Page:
So where do the Alouettes go from here?
Did you hear the one about the head coach who was fired hours after breaking a 15-year losing streak? Okay, so there’s little humor in the Montreal Alouettes’ dismissal of Tom Higgins, potentially throwing a team already off to a disappointing start into further chaos.
Though goings-on in the Alouettes’ inner circle were necessarily obfuscated behind the barriers of locker-room doors, the media microscope concentrated on Michael Sam hinted at Higgins’s loosening grip on his team. Whether the international-salaried Sam’s pigeonholing into the lineup for week eight game against the Edmonton Eskimos was demanded from on high or was Higgins’s own idea, the coach clearly bore the brunt of John Bowman’s derision.
The result of this possible conflict was the “healthy scratch” of the defence’s leader for two games, an absence that might have been the difference in the loss to Edmonton – and that might have proven the final straw for Higgins with ownership.
Then there’s Rakeem Cato. Higgins clearly made the right choice in starting the American rookie over the media-hyped Brandon Bridge, and Cato subsequently stunned the CFL with an amazing three-TD debut performance. Since week two, however, Higgins had called for Cato to play under center for *every single snap* prior to the BC Lions game in a system designed for Jonathan Crompton, a much bigger, far less mobile passer. Statistics may occasionally lie, but there’s little deceitful about the 3:6 TD-to-interception ratio that Cato managed from his second start through the shabby loss to Edmonton.
Add all this with general manager Jim Popp being reportedly uninformed about the decision to can Tom Higgins *before* the BC game and the problematic evidence of disconnect among the players is further advanced by apparent miscommunication within the front office. CFLpass would guess that the current Montreal environment is not exactly the best in which to usher new blood, much less a guy with a 16-20 lifetime record and demonstrably greater proficiency as GM than as head coach.
While management’s heart vis-à-vis the immediate future of the Alouettes may be in the right place (particularly if Higgins’s dismissal was indeed related to his handling of Bowman, Cato and other personnel), the hiring of an unsackable front-office guy whose new title clearly bears the qualifier “interim” feels at minimum like a scaling-back of expectations. At worst, it’s a surrender-with-honour for the 2015 season.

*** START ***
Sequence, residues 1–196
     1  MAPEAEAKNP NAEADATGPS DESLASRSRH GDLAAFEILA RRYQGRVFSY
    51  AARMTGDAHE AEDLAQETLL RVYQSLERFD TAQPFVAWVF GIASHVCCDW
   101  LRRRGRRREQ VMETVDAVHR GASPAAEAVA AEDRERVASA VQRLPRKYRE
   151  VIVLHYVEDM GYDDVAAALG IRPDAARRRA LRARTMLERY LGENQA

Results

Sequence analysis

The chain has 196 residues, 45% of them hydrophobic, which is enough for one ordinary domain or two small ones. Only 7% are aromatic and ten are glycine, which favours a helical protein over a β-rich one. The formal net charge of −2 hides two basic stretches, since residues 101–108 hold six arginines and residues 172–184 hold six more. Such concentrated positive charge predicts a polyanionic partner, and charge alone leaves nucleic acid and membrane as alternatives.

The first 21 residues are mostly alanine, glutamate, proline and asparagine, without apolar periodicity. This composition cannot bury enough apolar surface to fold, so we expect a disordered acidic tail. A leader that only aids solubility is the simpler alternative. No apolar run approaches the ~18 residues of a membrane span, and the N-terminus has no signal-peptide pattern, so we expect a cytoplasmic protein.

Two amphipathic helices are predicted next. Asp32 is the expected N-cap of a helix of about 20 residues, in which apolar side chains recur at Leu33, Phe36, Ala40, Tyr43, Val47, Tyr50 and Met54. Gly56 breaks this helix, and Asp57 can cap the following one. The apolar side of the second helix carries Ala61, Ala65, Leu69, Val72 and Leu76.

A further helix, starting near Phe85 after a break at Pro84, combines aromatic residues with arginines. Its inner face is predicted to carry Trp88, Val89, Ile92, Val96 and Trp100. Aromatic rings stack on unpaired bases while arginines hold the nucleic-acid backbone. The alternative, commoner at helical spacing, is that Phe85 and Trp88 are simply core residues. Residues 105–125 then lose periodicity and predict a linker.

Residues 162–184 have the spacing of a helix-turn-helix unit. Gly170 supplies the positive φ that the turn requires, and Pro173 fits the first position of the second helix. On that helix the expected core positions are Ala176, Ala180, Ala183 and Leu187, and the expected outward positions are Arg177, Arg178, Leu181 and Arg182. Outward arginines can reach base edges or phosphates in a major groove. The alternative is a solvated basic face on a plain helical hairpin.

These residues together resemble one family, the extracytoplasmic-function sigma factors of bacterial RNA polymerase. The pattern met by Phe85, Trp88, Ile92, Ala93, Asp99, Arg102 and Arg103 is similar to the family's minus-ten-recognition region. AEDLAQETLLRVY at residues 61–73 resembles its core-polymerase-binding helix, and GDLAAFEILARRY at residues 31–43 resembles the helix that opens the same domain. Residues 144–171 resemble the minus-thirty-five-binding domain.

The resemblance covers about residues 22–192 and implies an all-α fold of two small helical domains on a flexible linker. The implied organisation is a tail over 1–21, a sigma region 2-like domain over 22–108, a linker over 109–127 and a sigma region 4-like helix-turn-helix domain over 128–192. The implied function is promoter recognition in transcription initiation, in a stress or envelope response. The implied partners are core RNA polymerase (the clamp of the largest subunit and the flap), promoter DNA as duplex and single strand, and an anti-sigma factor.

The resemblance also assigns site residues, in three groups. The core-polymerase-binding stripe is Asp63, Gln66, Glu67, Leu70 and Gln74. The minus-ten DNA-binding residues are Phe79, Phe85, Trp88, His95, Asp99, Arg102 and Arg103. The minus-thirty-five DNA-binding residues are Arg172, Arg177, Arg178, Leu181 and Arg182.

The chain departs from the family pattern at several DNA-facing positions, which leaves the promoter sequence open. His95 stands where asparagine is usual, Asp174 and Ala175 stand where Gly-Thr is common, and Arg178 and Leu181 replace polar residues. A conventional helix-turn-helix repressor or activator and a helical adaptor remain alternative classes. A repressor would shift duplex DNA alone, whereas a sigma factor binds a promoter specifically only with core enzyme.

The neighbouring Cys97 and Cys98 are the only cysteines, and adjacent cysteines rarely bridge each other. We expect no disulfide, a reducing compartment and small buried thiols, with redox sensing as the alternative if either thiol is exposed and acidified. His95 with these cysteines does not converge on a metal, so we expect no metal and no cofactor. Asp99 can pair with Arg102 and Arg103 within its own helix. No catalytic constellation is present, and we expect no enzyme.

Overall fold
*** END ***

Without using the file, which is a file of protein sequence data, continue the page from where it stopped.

The timing of the firing is, as CFLpass lead writer Travis Currah noted, “a bizarre move on the surface.” After all, certain things on said surface appeared to be solved, with optimism for future weeks, against BC.
Not only did the Alouettes shrug off the spectre of millennial winlessness at BC Place, the team more importantly managed an all-too-rare second-half comeback. The past three games had seen Montreal outscored 35-13 in the final 30 minutes of games, bookended by a two-point showing against the Calgary Stampeders and a second-half goose egg against the Edmonton Eskimos.
The shutdown D exhibited by the Als last Thursday – sans Bowman, no less – was well more indicative of the defence fans were promised at season’s beginning.
On special teams, Stefan Logan essentially solidified his position as the CFL’s best return man turning in four runs of 30 yards or more on 10 returns – though two 40+ yarders were called back on penalties. Nevertheless, Logan now looks capable of providing the Alouettes with a short field to start nearly any drive.
Speaking of Logan, the Alouettes featured a suddenly nicely multi-faceted running attack in BC; Logan together with Brandon Rutley provided much-needed support to feature back Tyrell Sutton – and over 50% of carries from the backfield. The result was a fantastic 251 yards on the ground, absolutely essential weaponry going forward with the still-unsteady Cato at QB.
And how about Tanner Marsh, the human bulldozer?
This fan is completely unsure why Higgins so stubbornly pegged Cato as an all-purpose 24/7 quarterback when a perfectly serviceable short-yardage substitute has been available to the Alouettes for the past three seasons. Marsh certainly turned in the best performance of 18 all-purpose years in the CFL this week: Jokes and hyperbole aside, Marsh’s 10 snaps resulted in three first downs and a TD – now *that’s* a situational QB.
Of course, depending on how much of the BC game was, say, influenced by pressure on Higgins from above, all steps forward may ultimately be completely irrelevant. Popp has thrice before coached the Montreal Alouettes, each time in the stead of a fired coach and each time competently finishing around .500.
The 2015 Alouettes may be the strongest team Coach Popp has been gifted with since the 2006 bunch, but this Montreal team’s low-watt offense and a formidable top two in the East Conference makes anything more than an 8-10 mark difficult to envision – heck, to reach 8-10, the Als would need to play .500 ball over the last 10 games, which include two each against Hamilton and Toronto.
Popp has demonstrated his workmanlike competence in coaching past Alouettes teams but, Grey Cup appearance notwithstanding, he’s not a miracle worker, pretty awesome defence at his disposal or no.
Is Montreal management covertly and stoically readying the white flag on the 2015 season? Possibly. But hey, at least Als backers have the solace of history – and a little hopeful superstition on our side…
Could it happen again? Twice a team has fired Tom Higgins as HC and won Grey Cup the following season. Higgins builds foundations ... (cont)— Ian Busby (@buzrbe) August 24, 2015
Higgins put together good group that Maciocia coached to title in 2005. He then turned around Stamps and helped build basis of 2008 team— Ian Busby (@buzrbe) August 24, 2015
– written by Os Davis